Effects of Ice Blasting on Some Mechanical Properties of Composite Boards


Hamid Reza Taghiyari1* and Yousef Lotfinejad-Sani1

1Wood Science and Technology Department, Faculty of Civil Engineering,
Shahid Rajaee Teacher Training University, Lavizan, Shanbaloo St., Tehran, Iran

corresponding author: This email address is being protected from spambots. You need JavaScript enabled to view it. or This email address is being protected from spambots. You need JavaScript enabled to view it.



Ice-blast (frozen CO2, -78.5°C) is one of modern methods of cleaning for industrial purposes. Effects of ice-blasting were studied here on mechanical properties of plain and laminated medium-density fiberboards (MDF) and particleboard. Modulus of rupture (MOR) and modulus of elasticity (MOE) were measured and compared in accordance with the EN 312-4 standard values. Results showed that MOR and MOE of MDF specimens were significantly higher in comparison to those of the particleboard; the higher values were related to the more compression ratio between wood fibers in the MDF-matrix. Ice-blasting did not significantly affect MOR values; however, it significantly decreased MOE values in all treatments. Furthermore, ice-blasting had a negative abrading effect on the surface of both plain and laminated wood-composite boards. It was concluded that ice-blasting cannot be recommended for wood-composite materials as to its abrading effects on the surface of composite boards as well as its decreasing effects on some mechanical properties.



Ice blasting, or dry ice-blasting, is a form of abrasive blasting, where dry ice, the solid form of carbon dioxide, is accelerated in a pressurized air stream and directed at a surface in order to clean it (Taghiyari et al. 2012ab). The method is similar to other forms of abrasive blasting such as sand blasting, plastic bead blasting, or soda blasting but substitutes dry ice as the blasting medium (Taghiyari et al. 2012ab; Dong et al. 2013ab). Dry ice blasting leaves no chemical residue as dry ice sublimates at room temperature. The frigid temperature of the dry ice (109.3°F or -78.5°C) “blasting” against the material to be removed causes it to shrink and loose adhesion from its sub surface. Additionally, when some of dry ice penetrates through the material to be removed, it comes in contact with the underlying surface. The warmer sub surface causes the dry ice to convert back into carbon dioxide gas. The gas has 800 times greater volume and expands behind the material speeding up its removal. Paint, oil, grease, asphalt, tar, decals, soot, dirt, ink, resins, and adhesives are some of the materials removed by this procedure. Only the removed material must be disposed of, as the dry ice sublimes into the atmosphere.. . . . . . . . . .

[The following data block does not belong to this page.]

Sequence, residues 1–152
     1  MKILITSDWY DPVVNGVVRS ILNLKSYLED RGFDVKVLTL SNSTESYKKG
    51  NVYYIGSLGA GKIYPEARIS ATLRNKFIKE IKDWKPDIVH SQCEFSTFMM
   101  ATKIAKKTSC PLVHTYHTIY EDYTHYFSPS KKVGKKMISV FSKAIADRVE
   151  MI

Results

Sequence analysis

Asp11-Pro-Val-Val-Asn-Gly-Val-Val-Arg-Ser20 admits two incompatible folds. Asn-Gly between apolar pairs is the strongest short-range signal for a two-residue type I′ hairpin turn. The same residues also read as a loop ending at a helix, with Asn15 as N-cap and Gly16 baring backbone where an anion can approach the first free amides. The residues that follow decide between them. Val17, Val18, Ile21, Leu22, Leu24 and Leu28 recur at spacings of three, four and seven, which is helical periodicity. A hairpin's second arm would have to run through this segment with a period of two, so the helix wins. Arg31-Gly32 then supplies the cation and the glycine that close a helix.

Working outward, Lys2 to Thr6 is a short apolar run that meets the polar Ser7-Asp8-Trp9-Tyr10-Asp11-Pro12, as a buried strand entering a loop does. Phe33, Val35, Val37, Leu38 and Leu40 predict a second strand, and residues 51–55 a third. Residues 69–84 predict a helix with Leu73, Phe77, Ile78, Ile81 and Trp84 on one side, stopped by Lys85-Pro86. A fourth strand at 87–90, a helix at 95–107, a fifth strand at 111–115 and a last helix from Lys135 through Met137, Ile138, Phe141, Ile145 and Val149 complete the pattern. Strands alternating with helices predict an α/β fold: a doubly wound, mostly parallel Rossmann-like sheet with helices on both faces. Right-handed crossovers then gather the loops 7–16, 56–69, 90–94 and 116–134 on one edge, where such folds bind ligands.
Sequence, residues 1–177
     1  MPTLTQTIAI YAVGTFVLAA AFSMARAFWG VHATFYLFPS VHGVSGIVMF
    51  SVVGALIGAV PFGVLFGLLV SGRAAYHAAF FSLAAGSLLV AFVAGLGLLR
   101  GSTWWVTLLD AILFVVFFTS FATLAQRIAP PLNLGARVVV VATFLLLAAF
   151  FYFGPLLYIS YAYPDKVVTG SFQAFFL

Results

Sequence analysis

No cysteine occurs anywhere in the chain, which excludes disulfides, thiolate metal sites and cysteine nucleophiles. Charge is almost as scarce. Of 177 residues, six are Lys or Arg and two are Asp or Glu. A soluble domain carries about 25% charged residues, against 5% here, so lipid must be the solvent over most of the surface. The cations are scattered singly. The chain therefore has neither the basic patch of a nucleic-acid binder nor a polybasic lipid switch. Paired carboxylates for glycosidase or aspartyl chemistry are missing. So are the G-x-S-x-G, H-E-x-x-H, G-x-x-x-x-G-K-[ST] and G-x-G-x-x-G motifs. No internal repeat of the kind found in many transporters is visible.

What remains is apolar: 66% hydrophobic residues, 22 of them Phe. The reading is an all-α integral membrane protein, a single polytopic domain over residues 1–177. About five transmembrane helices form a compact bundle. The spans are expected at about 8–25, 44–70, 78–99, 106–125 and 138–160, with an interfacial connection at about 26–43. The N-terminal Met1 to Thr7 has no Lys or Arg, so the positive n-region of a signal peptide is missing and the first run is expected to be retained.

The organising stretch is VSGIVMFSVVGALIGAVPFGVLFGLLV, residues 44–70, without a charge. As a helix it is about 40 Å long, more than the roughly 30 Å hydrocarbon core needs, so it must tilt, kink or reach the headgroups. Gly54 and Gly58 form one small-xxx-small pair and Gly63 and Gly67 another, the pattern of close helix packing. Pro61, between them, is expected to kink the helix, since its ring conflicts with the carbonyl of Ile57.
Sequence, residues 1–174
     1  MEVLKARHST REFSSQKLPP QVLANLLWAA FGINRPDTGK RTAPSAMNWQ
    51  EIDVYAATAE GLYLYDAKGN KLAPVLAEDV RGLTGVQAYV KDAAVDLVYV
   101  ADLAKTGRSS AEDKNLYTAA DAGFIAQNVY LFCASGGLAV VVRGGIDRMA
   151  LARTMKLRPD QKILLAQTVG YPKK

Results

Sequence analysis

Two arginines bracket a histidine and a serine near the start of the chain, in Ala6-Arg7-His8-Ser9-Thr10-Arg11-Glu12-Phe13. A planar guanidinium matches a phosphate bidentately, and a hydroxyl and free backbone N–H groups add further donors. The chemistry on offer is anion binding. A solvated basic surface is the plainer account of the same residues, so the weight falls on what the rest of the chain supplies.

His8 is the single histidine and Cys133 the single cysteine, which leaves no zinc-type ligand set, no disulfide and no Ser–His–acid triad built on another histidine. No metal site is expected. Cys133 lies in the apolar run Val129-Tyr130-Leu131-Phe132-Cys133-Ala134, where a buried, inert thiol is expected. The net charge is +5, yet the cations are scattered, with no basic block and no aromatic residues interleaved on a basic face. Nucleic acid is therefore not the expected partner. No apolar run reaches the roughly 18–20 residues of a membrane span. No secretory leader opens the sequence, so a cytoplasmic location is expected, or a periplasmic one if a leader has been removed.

ASTM. 2009. D1037-99 Standard Test Methods for Evaluating Properties of Wood-Base Fiber and Particle Panel Materials.

BORREGA M, KARENLAMPI PP. 2010. Hygroscopicity of Heat-Treated Norway Spruce (Picea abies) wood. Eur. J. Wood Prod. 68: 233-235 DOI 10.1007/s00107- 0090371-8.

DONG S, SONG B, ZHOU G, LI C, HANSZ B, LIAO H, CODDET C. 2013a. Preparation and corrosion behavior of aluminum coatings by atmospheric plasma spraying and dry-ice blasting. Journal of Thermal Spray Technology 22(7): 1222-29.

DONG S, SONG B, HANSZ B, LIAO H, CODDET C. 2013b. Combination effect of dry-ice blasing and substrate preheating on plasma-sprayed CoNiCrAIY splats. Journal of Thermal Spray Technology 22(1): 61-68.

EN 622-5. Fiberboards specifications – requirements for dry process boards (MDF); 2009.

EN 312-4. Particleboard, Requirements for load-bearing board for use in dry conditions; 2009.

FIGUEROA M, BUSTOS C, DECHENT P, REYES L, CLOUTIER A, GIULIANO M. 2012. Analysis of rheological and thermo-hygro-mechanical behaviour of stress-laminated timber bridge deck in variable environmental conditions. Maderas. Ciencia y tecnologia 14(3): 303-319.

PATI R. 2012. Molecule for electronics: A myriad of opportunities comes with daunting challenges. Journal of Nanomaterials & Molecular Nanotechnology 1:1

RUPRECHT H, VACIK H, STEINER H, FRANK G. 2012. ELENA – a methodological approach for the long term monitoring of the natural regeneration of natural forest reserves dominated by Norway-spruce (Vaccinio-Piceetea). Austrian Journal of Forest Science 129(2): 67-105.

SABER R, SHAKOORI Z, SARKAR S, TAVOOSIDANA GH, KHARRAZI SH, GILL P. 2013. Spectroscopic and microscopic analyses of rod-shaped gold nanoparticles interacting with single-stranded DNA oligonucleotides. IET Nanobiotechnology 7(2): 42-49.

SPUR G, UHLMANN E, ELBING F. 1999. Dry-Ice Blasting for Cleaning: Process, Optimizaation, and Application. Wear 133-235: 402-411.

TAGHIYARI HR, RASSAM GH, LOTFINEJAD SANI Y, KARIMI A. 2012a. Effects of Nano-silver Impregnation on some Mechanical Properties of IceBlasted Wood Specimens. Journal of Tropical Forest Science 24(1): 83-88.

TAGHIYARI HR, LAYEGHI M, AMINZADEH LIYAFOOEE F. 2012b. Effects of dry ice on gas permeability of nano-silver-impregnated Populus nigra and Fagus orientalis. IET Nanobiotechnology 6(2): 40-44; Doi: 10.1049/iet.nbt.2011.0048.

TAGHIYARI HR. 2013. Effects of heat-treatment on permeability of untreated and nanosilver-impregnated native hardwoods. Maderas Ciencia y tecnologia 15(2): 183-194 DOI 10.4067/S0718-221X2013005000015.

TAGHIYARI HR, FARAJPOUR BIBALAN O. 2013. Effect of copper nanoparticles on permeability, physical, and mechanical properties of particleboard. European Journal of Wood Products 71(1): 69-77; DOI 10.1007/s00107-012-0644-5.

WILLIAMS SR, FEIST WC. 1999. Selection and Application of Exterior Stains for Wood, 9p., Department of Agriculture, Forest Service, Forest Products Laboratory, FPL – GTR – 106.

WILLIAMS SR. 2010. Wood Handbook, Wood as an Engineering materials: Chapter 16: Finishing of Wood, 508p., General Technical Report FPL-GTR-190, WI: U.S. Department of Agriculture, Forest Service, Forest Products Laboratory.